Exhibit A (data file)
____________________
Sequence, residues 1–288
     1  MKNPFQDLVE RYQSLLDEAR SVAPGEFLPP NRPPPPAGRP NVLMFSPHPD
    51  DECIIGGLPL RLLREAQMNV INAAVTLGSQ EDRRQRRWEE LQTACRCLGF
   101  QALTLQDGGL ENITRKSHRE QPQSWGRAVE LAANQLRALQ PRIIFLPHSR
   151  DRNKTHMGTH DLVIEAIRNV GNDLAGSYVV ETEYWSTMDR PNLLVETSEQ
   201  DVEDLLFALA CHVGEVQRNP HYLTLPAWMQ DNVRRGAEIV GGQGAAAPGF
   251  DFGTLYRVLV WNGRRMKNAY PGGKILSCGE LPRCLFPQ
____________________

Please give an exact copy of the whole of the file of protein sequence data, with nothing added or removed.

Sequence, residues 1–288
     1  MKNPFQDLVE RYQSLLDEAR SVAPGEFLPP NRPPPPAGRP NVLMFSPHPD
    51  DECIIGGLPL RLLREAQMNV INAAVTLGSQ EDRRQRRWEE LQTACRCLGF
   101  QALTLQDGGL ENITRKSHRE QPQSWGRAVE LAANQLRALQ PRIIFLPHSR
   151  DRNKTHMGTH DLVIEAIRNV GNDLAGSYVV ETEYWSTMDR PNLLVETSEQ
   201  DVEDLLFALA CHVGEVQRNP HYLTLPAWMQ DNVRRGAEIV GGQGAAAPGF
   251  DFGTLYRVLV WNGRRMKNAY PGGKILSCGE LPRCLFPQ